|Obviously, mature processes depend on the quality of the individuals who follow them. The ability to hire and train a professional staff is therefore a crucial consideration in determining the overall maturity of an organization. The organization must have a clear understanding of the core competencies required to produce their information products. To retain knowledgeable staff, opportunities must be given for professional development and advancement.||
|The implementation of mature processes requires a budget that not only provides for necessary headcount to complete the work, but also builds in development opportunities to improve infrastructure and team competencies. Well-funded organizations are better able to innovate and have a better ability to respond quickly to industry changes.This area is closely tied to organizational structure because without an actual documentation organization, there is often no place to allocate a documentation budget. Writers are funded by the development teams they support, which typically means that no budget beyond salary is specifically dedicated to individuals or required infrastructure, as the development budget is allocated to the focus of the department – engineering – rather than supplementary activities, such as documentation.||
Estimating, Scheduling, and Tracking
|An information-development process that has measurement at its core is critical to understanding the impact of other maturity characteristics on productivity and effectiveness. Time tracking is an essential ingredient in the management of information-development activities. It provides critical information for estimating the resources required for future projects, supporting requests for new resources, building a business case to fund an innovation, or determining the value associated with a task in the information-development process flow. In addition, regular attention to project time expended can shed light on possible project risks before they become unrecoverable.||
|A mature organization recognizes that documentation’s sole purpose is to provide support to the users of the product it supports. To meet that goal, it is imperative that the organization understand who its users are and what they both need and expect from the documentation. The target audience defines all strategies for the resulting content, including:
A mature organization, therefore, keeps the user in mind in every action. It has proven processes in place for regularly gathering information about it is usersand it knows how to use that data to target its content appropriately.
|Content plans that include details about the project, the process, and the design and deliverables are essential assets for a mature information-development organization. When done in the context of user requirements, planning typically decreases information development time and alters the distribution of activities during the information-development life cycle, as plans are built to create only the content needed by the target audience. In addition, good planning affords the opportunity to reuse content, as part of the planning cycle includes an analysis of what content already exists that could be reused.||
|An information-development organization is only considered successful if the products it creates are usable and well-received by the end user. Content strategy must keep the needs of end users in mind while applying industry best practices for writing, including strategies such as minimalism, structured authoring, and reuse. Content should be continually re-evaluated to ensure that it reflects current best practices and adopts to the changing needs of the end users.||
|Modern content users expect technical content to be searchable. The number one complaint of users is that they cannot rapidly find the information they need, and the most common request is to make searches more “Google-like.” To meet these demands, a mature organization must have developed a metadata strategy based on a common, enterprise-wide taxonomy and offer a sophisticated search engine that can use that metadata to provide relevant, appropriately prioritized search results, which provide not only the title, but short descriptions and often information such as publication date, to help users make the right selection.||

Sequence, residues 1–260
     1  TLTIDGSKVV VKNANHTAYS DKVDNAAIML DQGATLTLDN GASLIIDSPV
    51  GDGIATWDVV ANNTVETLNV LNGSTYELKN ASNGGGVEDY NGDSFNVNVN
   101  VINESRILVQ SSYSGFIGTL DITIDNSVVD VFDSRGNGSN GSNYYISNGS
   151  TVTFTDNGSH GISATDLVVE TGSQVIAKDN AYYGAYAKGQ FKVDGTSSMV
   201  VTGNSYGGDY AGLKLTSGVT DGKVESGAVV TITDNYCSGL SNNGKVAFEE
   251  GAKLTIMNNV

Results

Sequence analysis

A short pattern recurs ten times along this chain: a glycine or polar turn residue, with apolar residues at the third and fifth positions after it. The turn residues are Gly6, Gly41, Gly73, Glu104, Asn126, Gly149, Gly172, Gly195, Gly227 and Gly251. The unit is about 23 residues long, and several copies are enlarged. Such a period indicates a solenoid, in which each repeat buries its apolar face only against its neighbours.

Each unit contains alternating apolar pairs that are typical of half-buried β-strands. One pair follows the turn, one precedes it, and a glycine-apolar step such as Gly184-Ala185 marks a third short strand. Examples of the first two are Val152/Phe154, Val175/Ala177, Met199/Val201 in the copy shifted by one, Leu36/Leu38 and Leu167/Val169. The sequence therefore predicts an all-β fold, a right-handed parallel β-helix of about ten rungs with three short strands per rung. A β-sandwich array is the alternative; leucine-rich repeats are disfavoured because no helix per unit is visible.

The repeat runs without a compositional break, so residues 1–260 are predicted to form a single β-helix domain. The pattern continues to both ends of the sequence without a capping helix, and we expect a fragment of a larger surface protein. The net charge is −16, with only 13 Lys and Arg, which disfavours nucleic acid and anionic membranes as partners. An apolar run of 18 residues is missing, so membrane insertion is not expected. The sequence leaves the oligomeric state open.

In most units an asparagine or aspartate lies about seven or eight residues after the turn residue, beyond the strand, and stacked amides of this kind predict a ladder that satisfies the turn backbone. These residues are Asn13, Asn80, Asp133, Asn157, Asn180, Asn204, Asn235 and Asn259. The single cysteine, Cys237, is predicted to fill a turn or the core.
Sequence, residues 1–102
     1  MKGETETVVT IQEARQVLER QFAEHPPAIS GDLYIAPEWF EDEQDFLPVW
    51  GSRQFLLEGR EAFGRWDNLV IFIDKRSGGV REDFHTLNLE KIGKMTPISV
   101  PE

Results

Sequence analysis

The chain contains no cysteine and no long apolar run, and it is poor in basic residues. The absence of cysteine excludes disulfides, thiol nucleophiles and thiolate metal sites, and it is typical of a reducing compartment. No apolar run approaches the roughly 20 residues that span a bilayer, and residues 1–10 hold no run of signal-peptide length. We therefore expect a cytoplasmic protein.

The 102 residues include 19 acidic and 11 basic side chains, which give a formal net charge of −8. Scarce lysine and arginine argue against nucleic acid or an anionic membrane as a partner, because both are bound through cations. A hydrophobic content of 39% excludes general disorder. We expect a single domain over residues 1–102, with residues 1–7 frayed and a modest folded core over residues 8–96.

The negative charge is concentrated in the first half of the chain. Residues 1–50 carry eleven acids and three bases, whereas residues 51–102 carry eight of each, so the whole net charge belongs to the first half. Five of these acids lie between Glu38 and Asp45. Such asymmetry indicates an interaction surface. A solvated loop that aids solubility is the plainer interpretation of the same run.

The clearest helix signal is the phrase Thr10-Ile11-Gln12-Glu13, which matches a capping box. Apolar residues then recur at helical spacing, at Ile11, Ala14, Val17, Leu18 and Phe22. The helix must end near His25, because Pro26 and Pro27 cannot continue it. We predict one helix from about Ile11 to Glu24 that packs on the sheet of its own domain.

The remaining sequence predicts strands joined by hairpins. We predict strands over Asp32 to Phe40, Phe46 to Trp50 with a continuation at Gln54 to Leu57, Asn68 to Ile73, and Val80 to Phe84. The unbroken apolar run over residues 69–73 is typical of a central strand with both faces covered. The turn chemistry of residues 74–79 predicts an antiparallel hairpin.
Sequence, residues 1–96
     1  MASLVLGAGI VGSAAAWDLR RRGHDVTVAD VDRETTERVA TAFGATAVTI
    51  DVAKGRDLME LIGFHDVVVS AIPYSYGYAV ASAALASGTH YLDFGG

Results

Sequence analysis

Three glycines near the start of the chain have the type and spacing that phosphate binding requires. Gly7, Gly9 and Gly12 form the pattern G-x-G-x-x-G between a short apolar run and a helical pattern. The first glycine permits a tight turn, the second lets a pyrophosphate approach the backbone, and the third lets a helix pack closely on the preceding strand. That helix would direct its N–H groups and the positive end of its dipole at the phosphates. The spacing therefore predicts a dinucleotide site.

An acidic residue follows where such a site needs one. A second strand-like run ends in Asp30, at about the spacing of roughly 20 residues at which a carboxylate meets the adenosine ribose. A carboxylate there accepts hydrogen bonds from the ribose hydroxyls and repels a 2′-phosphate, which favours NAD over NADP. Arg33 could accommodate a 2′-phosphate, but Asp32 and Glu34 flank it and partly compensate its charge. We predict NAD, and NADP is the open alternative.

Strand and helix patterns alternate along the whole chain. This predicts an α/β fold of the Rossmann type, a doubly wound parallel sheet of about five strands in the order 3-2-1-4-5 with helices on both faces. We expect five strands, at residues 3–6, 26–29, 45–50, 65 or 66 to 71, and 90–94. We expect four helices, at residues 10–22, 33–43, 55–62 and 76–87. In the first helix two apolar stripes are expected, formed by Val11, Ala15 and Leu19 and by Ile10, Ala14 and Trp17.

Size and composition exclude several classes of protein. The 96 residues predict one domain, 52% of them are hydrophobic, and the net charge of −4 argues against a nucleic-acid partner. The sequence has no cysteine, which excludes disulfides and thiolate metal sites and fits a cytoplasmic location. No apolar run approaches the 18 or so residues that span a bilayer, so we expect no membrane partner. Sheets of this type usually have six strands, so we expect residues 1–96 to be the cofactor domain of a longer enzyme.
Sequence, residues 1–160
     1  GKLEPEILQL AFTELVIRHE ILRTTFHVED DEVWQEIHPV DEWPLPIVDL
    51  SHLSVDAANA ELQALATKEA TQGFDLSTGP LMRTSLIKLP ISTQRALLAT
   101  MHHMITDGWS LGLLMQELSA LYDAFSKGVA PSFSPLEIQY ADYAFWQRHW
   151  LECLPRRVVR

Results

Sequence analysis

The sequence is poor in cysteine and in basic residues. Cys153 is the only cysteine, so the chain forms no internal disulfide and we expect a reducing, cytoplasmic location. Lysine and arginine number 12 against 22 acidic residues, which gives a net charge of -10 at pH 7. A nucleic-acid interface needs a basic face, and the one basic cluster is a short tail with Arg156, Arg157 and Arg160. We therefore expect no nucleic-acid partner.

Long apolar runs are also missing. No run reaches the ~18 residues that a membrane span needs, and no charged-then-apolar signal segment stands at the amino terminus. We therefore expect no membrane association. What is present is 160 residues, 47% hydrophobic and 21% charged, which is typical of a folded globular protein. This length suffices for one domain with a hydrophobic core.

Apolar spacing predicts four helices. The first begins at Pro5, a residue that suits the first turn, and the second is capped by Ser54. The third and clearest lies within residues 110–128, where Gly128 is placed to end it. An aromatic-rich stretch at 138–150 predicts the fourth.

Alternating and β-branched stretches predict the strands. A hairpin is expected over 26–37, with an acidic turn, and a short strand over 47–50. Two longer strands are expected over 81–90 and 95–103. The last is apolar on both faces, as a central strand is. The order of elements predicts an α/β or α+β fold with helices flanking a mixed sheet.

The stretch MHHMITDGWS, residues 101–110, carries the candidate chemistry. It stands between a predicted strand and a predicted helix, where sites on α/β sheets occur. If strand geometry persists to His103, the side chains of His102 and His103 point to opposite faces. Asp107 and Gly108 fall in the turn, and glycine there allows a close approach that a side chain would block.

|Quality assurance represents a series of actions that ensure that content is accurate, complete, and meets user requirements. These actions include:
Each of these quality assurance actions can be fraught with difficulties, especially when project schedules are seriously curtailed. Yet one very important mark of a mature organization is the ability to assure quality within a high-pressure environment. In fact, lean and agile approaches to product development place quality assurance at the top rather than the bottom of the list of critical project components.
|In today’s workplace, information developers must be increasingly collaborative in their working environment. It is no longer acceptable for writers to work in isolation and “throw content over the wall” to the next team. Teams must work together to meet demanding schedules, coordinating efforts and solving problems as they arise. Collaboration impacts all other process maturity characteristics because without a shared vision, mutual respect and trust, and good communication, processes begin to fail.||
|A mature information-development organization must be prepared to manage change effectively if it wants the pursuit of innovation to become a hallmark of its work. Mature organizations are continually innovating, challenging the status quo, and embracing continuous process improvement. Without change management in place, however, organizations risk having team members refuse to embrace innovations or deliberately avoid adopting an innovative practice in their own work. When people do not understand the business necessity behind a new practice or design nor how the innovation will affect their personal work practices, they reject or undermine the change.||
How Does Your Organization Stack Up?
In any organization, individual perceptions of the strengths and weaknesses will differ. Comtech has developed a maturity assessment tool and process to provide an unbiased assessment of your organization’s maturity. Consider scheduling one for 2021 to receive:
- An assessment of the state of your organization in comparison with best-in-class information-development organizations worldwide
- Custom recommendations for increasing your maturity levels in each area
About the Author: Dawn Stevens, is CIDM’s Director and President of Comtech Services. She has 30 years of practical experience in virtually every role within a documentation and training department, including project management, instructional design, writing, editing, and multimedia programming.